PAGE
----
american-sign-language-deaf-culture-02In my opinion, the best reason to learn sign language is that it allows you to communicate with the estimated half million Americans who use ASL as their primary language. This gives you the opportunity to make new friends, connect with deaf classmates and coworkers, or help deaf customers feel welcome at your business. Knowing ASL, even just some basic everyday signs, sends a message to deaf people that you are willing to step outside of your hearing comfort zone to engage with them. Our society is so focused on verbal communication, sound, and noise, that deaf people often feel forgotten. Even learning how to say “hello” or take a simple food order in sign language breaks down a small barrier and can brighten another person’s day.

american-sign-language-deaf-culture-03Knowing how to sign opens up a whole new world — a place where words exist in 3-dimensions. ASL is a beautiful visual communication form which relies on body language and facial cues. It is emotional and highly expressive. If you’re a hearing person who wants to become a better listener, learning sign language can actually help! Sign language requires eye contact and attention to detail, which makes ASL users very perceptive to subtle changes in mood.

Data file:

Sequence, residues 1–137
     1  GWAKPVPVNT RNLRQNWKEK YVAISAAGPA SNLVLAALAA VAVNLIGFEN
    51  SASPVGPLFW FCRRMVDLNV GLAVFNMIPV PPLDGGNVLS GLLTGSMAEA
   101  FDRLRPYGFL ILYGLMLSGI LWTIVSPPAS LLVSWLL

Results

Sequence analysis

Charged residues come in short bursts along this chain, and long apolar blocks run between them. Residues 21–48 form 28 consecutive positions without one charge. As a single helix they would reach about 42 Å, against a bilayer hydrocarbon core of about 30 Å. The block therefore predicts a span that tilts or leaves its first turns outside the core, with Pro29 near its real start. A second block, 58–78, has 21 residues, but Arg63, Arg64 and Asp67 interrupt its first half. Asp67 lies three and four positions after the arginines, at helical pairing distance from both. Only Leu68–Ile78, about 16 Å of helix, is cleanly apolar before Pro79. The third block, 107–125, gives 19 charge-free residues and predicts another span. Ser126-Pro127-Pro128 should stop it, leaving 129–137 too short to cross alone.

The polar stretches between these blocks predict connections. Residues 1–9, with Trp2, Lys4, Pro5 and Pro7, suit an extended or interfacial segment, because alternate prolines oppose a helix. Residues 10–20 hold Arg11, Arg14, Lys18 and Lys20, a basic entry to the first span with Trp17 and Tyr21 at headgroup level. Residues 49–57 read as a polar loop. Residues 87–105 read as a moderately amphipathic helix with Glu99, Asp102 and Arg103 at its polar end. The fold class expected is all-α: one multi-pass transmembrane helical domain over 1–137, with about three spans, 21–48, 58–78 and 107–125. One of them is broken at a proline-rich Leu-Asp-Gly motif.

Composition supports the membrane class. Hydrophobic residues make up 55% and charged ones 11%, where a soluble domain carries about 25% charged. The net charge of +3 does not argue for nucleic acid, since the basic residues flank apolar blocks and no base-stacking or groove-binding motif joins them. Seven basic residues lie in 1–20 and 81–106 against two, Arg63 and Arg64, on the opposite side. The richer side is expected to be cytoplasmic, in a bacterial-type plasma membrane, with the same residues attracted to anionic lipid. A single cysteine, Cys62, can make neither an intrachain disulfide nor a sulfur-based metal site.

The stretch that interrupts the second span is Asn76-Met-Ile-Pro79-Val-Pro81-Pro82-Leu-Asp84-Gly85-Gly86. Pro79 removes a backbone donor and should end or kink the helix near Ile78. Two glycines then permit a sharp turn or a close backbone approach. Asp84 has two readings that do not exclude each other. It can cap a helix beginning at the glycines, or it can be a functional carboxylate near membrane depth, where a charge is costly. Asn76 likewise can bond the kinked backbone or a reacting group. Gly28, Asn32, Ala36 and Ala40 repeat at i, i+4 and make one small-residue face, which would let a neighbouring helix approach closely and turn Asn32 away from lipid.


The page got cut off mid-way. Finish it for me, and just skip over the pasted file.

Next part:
american-sign-language-deaf-culture-04Members of Deaf Culture are considered a linguistic minority, with ASL serving as the foundation for this unique subset of American Culture. Discovering ASL can help hearing individuals access a different perspective about the very society they live in. As a person learns the words of another culture, they can come to understand their values. The more one explores ASL, the more opportunity they have to understand the Deaf experience.

Besides breaking through the barriers between deaf and hearing culture, there are a number of other benefits to learning ASL. It makes you bilingual, which looks great on your resume. It allows you to communicate with people across a noisy room. Sometimes, such as the example of this 10 year old girl, knowing ASL can help you save a life. If you’ve never seen an ASL musical performance or ASL poetry, you are definitely missing out. Check out some videos by Peter Cook or the Deaf Jam documentary to get a little taste; but nothing compares to the live experience.